But I came back, with the help of a wonderful holistic doctor who gave me the luxury of credit, and his careful, caring expertise to nourish my adrenals, provide the correct nutrients, correct my metabolism, and gently manipulate my spine to take care of the rest. And then I slowly set about putting the wheels in motion to create a life worth living, and figure out who I was if I wasn't the overachieving, hardworking, materially succesful young woman I'd had every intenion of, and was on the road to being. And that's where I was 6 months ago, content with the much fuller life, although still putting up enough of a front so most people would see something acceptable: a healthy, vibrant, intelligent young woman taking the road less travelled. At home, I nursed the overexertion (this time, without any choice, my financial straits were dire) grasped at anything to keep me from losing my home, and jumped through a million hoops to get medical care, medications, and any other help I could find to keep me afloat. I was exhausted, but at least having friends to call up on Friday nights and go blow off steam with helped replenish my spirit.
Then I moved, and even with the best of plans, the exhaustion seemed to catch up all at once, and life started unravelling. Soon the walls of isolation began to close in and enfold me so deeply that I thought I would suffocate, but inversely, the world outside just seemed too overwhelming and I found it hard to imagine a place in it for me, until lately. Lately I've begun to venture out again. I've been to a couple of support groups, and that has been wonderful, because although I had tried to socialize with people my age, I ended up confused and overwhelmed trying to decide how to present myself, what to reveal, or not. I desperately wanted them to believe I was one of them, the thought of letting them in on an inkling of the truth terrified me. And I think this signified that I was still in denial. Some people might say that sharing that I have a chronic illness with people I've just met might be TMI, but it's such hard work, especially when the Cognitive Dysfunction is at work, keeping up the facade is extremely difficult. And when just getting yourself out there at all takes such effort to begin with...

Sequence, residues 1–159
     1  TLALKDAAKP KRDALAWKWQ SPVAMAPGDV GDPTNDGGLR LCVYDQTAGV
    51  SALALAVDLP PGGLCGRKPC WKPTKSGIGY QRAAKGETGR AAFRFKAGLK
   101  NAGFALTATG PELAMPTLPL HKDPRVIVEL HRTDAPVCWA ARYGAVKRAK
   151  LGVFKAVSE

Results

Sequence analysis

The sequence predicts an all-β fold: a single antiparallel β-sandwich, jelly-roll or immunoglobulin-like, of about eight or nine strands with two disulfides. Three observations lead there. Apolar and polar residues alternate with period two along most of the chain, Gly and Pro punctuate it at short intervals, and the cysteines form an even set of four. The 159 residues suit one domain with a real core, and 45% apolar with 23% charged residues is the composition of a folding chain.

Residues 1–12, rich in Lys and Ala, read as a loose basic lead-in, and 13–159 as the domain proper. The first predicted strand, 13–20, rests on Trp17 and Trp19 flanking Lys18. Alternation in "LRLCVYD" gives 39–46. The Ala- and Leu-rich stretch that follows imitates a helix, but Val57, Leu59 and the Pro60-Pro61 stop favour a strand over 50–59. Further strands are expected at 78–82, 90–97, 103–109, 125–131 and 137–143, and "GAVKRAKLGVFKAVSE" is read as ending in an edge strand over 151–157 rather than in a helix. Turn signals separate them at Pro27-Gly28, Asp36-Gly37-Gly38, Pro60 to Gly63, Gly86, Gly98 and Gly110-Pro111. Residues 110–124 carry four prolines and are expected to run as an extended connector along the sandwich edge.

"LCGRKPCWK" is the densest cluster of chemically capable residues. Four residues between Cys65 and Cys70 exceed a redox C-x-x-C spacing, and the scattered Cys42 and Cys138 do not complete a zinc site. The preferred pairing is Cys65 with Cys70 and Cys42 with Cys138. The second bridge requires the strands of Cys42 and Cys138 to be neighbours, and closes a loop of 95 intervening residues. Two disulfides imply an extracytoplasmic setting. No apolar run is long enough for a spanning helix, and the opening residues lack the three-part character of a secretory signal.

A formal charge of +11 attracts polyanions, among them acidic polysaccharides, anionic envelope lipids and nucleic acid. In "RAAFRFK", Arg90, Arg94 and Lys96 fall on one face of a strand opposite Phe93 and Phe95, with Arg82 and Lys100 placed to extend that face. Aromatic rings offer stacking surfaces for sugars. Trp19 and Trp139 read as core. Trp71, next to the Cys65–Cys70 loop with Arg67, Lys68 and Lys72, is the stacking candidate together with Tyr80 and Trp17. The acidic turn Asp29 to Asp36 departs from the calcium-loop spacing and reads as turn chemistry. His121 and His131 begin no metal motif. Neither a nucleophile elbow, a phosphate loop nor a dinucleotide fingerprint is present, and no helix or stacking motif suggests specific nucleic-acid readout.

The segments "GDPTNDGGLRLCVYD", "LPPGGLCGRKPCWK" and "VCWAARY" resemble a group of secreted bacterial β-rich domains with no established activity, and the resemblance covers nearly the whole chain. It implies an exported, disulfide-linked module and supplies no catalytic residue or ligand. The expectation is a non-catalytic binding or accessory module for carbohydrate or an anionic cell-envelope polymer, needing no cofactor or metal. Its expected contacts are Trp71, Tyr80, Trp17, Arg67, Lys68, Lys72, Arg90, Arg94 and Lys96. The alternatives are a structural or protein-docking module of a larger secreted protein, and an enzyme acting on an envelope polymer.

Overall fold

Well, eventually, I hope that I will be strong enough to completely be who I am to "normal" people. I will be able to say to tell people what I struggle with when relevant, and even let them see it, something I have major issues with. (Put me in pain, exhausted, or otherwise ill in a social situation, with no access to pain pills and no way of escaping, and I have been known to freak out. It's not in my nature to showcase my weakness, sometimes even talking about it is easier, but having witnesses...)
And if for some it's too much to deal with, that sucks, but oh well, right?
I look at pictures of me with friends, and I understand how the dissonance of those images and the reality of my life, so it would be hard to blame them. I look for things that bring me joy and laughter, and when I find them, I grab them by the horns and hold on as tight as I can, and that shouldn't warrant any excuses. Plus, I can't spend my life feeling like I have to prove that I'm sick. I have enough work, right?
Fibro in itself may not be my life, but it permeates it. It's unpredictable, always changing, takes loads of mental energy just to manage because you must always be planning ahead for the scenarios that may impede the activities of day to day life. Each day from the moment you wake up, it takes will power and effort, and consciousness of it is inescapable.
And that's why having people who understand because they are living the same battle can be such a gift. If you even have to explain something about your limitations, at least you know that they understand, even if their experience has not been identical, there's not that frustration of trying to communicate something that someone healthy may never (through no fault of their own) understand, or wonder whether they are sizing you up, and judging whether or not you're crazy or exaggerating or seeking attention, or if they can see past the image you are so carefully presenting to them, the nice dress, carefully done makeup and hair, etc., because it's one thing you can still do feel like a normal person...and even that works against you. (Not that it can't work for you too, of course!)